The purpose of this paper is to provide a critical examination of the current law and the possible changes that are under consideration by the Law Commissions, after public consultation in relation to the continuing duty of good faith and post‐contractual duties owed by the insured towards the insurer.
The research is addressed using case law, statutes, current academic and Law Commissions publications in the UK.
First, the paper finds that the current state of the law allows for the insurer to claim damages from an insured when a fraudulent claim is made to recover the cost of any investigations. Second the insurer can refuse to meet a claim that is tainted by fraud. Third the insurer can have the right to avoid the policy obligations upon the discovery of a fraud, but subject to some limitations. Fourth there is a need for the insured to be protected against an insurer's unjustified allegations of fraud.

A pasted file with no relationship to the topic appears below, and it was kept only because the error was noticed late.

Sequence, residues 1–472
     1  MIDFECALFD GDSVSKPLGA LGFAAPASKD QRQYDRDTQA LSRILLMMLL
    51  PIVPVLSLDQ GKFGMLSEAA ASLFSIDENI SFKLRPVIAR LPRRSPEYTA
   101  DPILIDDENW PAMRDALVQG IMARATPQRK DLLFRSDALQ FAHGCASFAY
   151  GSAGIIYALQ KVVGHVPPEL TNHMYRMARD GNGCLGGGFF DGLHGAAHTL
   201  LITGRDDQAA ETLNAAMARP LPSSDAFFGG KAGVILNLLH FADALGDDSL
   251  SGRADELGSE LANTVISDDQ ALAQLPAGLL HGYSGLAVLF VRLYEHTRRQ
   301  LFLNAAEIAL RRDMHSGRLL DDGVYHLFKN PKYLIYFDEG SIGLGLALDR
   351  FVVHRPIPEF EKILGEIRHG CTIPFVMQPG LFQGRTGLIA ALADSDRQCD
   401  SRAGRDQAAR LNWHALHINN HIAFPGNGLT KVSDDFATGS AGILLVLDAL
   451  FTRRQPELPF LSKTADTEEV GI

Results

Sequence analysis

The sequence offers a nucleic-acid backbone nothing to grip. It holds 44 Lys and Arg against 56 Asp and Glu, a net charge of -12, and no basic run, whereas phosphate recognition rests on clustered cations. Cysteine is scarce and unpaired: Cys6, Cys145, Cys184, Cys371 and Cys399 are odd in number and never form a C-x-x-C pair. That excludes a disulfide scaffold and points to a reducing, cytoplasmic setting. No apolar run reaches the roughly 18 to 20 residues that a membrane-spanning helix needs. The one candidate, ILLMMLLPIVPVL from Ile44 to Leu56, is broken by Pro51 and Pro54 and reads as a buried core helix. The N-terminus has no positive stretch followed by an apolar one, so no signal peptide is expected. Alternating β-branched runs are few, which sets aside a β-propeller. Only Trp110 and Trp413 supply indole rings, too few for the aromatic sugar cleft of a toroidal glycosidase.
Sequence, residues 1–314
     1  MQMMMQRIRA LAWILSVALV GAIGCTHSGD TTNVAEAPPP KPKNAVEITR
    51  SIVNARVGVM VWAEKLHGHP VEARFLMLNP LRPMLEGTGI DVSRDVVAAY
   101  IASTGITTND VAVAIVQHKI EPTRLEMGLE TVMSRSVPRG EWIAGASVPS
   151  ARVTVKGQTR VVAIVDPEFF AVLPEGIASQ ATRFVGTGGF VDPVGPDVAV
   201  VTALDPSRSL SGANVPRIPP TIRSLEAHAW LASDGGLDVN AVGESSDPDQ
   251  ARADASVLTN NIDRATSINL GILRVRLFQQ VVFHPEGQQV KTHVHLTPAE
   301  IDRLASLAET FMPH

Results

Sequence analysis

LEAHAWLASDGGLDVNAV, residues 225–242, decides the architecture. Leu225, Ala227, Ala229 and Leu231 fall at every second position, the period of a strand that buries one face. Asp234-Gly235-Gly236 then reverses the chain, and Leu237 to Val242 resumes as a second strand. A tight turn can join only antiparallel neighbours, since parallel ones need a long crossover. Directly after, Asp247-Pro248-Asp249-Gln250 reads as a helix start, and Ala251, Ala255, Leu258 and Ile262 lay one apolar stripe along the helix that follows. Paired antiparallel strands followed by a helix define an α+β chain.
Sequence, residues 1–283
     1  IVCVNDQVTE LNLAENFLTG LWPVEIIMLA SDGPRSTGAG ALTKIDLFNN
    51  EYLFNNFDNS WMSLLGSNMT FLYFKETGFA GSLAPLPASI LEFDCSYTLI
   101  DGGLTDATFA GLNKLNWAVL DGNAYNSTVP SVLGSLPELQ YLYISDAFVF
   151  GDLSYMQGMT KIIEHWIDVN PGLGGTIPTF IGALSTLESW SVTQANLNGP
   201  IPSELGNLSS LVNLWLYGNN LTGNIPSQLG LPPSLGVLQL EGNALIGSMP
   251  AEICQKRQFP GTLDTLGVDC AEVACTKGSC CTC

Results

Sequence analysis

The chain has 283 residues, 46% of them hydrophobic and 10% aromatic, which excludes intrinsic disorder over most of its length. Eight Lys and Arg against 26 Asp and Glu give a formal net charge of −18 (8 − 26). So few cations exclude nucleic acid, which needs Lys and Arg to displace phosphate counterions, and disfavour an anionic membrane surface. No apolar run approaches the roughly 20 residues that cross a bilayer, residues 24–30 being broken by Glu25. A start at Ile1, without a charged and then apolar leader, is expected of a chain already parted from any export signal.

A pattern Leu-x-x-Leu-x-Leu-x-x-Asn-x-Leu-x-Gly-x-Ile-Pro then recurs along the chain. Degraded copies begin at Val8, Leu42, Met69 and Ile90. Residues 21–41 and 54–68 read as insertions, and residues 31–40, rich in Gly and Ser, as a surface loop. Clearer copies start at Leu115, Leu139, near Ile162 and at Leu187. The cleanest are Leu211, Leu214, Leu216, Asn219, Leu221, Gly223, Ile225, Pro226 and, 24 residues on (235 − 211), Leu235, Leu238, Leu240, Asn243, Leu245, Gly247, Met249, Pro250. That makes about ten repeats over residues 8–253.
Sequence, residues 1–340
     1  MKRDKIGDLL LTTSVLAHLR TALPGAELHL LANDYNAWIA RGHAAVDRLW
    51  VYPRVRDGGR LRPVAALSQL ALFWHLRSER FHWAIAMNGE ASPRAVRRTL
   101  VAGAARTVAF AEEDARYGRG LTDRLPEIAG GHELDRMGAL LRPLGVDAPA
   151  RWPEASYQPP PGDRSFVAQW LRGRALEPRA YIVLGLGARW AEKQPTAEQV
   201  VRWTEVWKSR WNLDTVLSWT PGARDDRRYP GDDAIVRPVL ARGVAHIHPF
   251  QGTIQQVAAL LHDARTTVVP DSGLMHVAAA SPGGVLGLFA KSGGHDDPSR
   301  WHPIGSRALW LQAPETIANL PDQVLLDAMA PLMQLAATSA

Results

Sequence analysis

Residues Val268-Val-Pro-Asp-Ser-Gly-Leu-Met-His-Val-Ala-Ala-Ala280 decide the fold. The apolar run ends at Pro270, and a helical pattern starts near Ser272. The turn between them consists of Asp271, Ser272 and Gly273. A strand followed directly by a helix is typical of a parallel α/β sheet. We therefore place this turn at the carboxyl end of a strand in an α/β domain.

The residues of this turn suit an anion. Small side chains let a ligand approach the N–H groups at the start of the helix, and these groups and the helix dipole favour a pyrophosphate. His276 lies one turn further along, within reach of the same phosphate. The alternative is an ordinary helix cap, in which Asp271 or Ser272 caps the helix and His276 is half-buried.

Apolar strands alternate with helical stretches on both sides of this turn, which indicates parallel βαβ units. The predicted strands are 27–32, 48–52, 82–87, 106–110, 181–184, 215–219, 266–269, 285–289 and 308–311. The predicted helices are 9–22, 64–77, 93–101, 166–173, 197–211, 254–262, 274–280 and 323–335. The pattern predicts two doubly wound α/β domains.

This work does not address detailed issues in relation to pre‐contractual issues of good faith. These have been discussed in a previous edition of this journal see Swaby. G. (2010) “Insurance law: fit for purpose in the twenty‐first century?” IJLMA, 52 (1), pp. 21‐39. ISSN 1754‐243X.
The Law Commission will be undertaking further consultations before reforming this area of law.
This paper will be of interest to legal practitioners and academics and those in the insurance industry.
Swaby, G. (2011), "Insurance law reform: deterring fraud in the twenty‐first century", International Journal of Law and Management, Vol. 53 No. 6, pp. 413-434. https://doi.org/10.1108/17542431111185187
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